Evaluating improvements in unemployment
In 2010 North Carolina’s unemployment rate dropped from 11.2 percent to 9.6 percent. That’s a welcome big drop. But is there more behind it that may not make us smile? N.C. Cooperative Extension economist Mike Walden responds.
“Well, there is. … There are two employment reports that come out every month. The one that the unemployment rate is based on has seen this drop … in the unemployment rate; however, it has been accompanied by only an increase in jobs of about 12,000. So many people are scratching their heads, saying, ‘Well, how can we get a big drop in the unemployment rate when we only had 12,000 more jobs?’ And that’s because over this same time period we’ve had 80,000 people who previously had been counted as unemployed, not counted. And this is because they have dropped out of the labor force.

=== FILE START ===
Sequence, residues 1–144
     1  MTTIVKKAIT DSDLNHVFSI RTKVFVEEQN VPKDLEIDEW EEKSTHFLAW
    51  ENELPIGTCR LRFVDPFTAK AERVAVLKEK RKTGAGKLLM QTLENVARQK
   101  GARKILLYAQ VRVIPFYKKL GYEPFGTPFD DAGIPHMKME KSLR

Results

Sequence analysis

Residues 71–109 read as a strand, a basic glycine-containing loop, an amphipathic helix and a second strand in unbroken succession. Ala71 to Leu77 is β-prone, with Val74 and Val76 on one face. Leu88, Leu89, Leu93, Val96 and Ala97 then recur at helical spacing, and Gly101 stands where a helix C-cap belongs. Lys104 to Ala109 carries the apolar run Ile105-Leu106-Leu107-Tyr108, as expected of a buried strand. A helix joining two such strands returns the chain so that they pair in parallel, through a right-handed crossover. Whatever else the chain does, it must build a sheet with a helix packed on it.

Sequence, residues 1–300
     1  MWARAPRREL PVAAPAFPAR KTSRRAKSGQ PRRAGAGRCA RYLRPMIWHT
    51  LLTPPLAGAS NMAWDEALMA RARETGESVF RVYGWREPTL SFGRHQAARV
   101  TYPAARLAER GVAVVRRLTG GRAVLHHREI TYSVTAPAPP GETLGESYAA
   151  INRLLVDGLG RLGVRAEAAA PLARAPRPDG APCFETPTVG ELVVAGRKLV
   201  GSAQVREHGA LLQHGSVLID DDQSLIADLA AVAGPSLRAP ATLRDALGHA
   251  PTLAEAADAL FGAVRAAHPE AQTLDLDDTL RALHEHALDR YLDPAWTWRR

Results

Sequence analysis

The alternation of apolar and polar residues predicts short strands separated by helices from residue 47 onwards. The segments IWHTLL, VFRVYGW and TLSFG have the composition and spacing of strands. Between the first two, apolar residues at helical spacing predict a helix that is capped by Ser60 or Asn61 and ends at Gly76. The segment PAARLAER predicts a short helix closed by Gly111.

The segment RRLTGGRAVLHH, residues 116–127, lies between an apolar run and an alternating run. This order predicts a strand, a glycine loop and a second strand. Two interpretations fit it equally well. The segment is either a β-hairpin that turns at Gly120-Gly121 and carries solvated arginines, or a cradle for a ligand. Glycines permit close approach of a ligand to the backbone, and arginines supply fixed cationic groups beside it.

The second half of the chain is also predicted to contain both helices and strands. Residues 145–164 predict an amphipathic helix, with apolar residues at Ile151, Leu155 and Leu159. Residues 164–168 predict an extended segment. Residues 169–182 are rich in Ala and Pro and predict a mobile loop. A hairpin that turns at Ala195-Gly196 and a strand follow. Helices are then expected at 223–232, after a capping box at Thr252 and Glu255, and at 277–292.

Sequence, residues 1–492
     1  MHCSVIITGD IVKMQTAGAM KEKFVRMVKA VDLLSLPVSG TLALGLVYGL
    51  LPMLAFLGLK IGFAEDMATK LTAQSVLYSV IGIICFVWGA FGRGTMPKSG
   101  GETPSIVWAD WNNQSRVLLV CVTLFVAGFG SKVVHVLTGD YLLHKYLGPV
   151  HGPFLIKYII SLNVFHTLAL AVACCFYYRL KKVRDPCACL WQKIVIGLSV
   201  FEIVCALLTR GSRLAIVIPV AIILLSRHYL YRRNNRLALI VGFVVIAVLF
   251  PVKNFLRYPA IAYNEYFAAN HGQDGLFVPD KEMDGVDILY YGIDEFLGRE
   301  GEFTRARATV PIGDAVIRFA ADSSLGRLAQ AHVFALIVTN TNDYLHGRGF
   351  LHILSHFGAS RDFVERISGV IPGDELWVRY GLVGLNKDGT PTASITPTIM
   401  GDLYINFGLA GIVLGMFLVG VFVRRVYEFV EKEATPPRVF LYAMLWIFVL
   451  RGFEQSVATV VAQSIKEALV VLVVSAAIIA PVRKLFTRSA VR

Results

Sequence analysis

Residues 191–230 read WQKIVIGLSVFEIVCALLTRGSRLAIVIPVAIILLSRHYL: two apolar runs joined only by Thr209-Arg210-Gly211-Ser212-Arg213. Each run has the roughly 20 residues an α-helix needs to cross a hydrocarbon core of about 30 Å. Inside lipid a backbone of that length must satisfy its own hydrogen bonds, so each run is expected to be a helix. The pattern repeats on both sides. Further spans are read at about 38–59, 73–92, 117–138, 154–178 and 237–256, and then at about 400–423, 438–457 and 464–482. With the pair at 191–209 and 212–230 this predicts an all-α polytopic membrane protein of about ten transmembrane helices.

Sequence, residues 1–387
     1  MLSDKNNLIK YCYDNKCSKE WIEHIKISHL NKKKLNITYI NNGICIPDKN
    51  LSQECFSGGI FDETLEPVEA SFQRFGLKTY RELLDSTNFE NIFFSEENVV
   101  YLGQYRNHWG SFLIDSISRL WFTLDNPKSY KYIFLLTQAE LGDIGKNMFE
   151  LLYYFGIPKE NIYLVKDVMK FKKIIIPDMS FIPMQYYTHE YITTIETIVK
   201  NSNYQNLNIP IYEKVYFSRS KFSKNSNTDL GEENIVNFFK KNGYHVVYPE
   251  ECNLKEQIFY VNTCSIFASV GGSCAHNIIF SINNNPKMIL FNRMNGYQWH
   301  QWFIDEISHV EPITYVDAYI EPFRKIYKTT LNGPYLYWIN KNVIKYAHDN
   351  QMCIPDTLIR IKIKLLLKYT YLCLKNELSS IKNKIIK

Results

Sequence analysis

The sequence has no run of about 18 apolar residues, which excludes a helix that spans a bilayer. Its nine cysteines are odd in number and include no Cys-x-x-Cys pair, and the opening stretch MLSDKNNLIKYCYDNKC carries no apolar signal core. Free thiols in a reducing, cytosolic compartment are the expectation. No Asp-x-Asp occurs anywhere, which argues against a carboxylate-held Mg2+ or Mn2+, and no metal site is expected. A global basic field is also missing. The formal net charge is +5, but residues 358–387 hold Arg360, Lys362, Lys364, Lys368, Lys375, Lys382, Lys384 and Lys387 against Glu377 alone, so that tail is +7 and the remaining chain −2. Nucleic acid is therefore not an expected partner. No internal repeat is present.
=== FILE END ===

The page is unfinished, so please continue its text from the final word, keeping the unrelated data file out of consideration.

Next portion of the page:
“Now some of them may be going back to school, which would be good, but a large number of them are likely people who have effectively given up looking for work. They are not sending out resumes. They are not going on job interviews. And again to be technically counted as unemployed based on the official numbers, you have to be actively looking for work in order to be counted as unemployed.
“So this is not good — the fact that the big drop in the unemployment rate is due to people dropping out of the labor force. Now if we put them back in, studies show that that would increase the unemployment by somewhere between a half to a full percentage point.”Category: Economic Perspective